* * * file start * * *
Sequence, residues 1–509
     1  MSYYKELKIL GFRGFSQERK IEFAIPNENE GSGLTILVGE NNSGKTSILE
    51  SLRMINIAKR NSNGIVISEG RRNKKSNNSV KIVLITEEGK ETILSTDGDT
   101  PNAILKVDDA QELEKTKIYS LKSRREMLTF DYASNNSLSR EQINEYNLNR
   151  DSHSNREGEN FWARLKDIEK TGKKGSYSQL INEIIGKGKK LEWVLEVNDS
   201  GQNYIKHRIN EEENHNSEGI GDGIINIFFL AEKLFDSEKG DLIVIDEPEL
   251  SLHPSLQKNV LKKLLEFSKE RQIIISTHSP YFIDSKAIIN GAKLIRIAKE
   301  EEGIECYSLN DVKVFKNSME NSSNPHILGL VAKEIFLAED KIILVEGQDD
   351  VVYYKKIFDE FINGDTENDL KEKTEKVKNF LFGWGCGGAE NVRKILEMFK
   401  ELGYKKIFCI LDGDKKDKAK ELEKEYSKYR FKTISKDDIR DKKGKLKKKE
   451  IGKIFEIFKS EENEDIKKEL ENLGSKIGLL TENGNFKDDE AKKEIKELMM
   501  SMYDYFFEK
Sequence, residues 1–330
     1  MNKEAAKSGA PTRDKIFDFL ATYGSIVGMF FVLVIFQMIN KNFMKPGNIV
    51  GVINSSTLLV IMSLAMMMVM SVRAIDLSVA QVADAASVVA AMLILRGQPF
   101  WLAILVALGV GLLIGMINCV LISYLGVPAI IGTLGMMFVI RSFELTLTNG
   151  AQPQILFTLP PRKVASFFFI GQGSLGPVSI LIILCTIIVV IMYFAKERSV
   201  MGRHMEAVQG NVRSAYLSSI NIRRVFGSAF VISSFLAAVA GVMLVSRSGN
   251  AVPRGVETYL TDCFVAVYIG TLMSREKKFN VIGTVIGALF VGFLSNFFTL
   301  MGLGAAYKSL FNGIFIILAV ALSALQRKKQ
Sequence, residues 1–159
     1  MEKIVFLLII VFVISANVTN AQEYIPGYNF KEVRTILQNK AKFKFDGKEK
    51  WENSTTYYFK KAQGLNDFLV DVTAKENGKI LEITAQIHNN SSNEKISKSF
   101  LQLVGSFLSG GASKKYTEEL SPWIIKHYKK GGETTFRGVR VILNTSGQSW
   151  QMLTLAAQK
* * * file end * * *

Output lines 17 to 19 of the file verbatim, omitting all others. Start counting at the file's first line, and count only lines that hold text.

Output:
   151  AQPQILFTLP PRKVASFFFI GQGSLGPVSI LIILCTIIVV IMYFAKERSV
   201  MGRHMEAVQG NVRSAYLSSI NIRRVFGSAF VISSFLAAVA GVMLVSRSGN
   251  AVPRGVETYL TDCFVAVYIG TLMSREKKFN VIGTVIGALF VGFLSNFFTL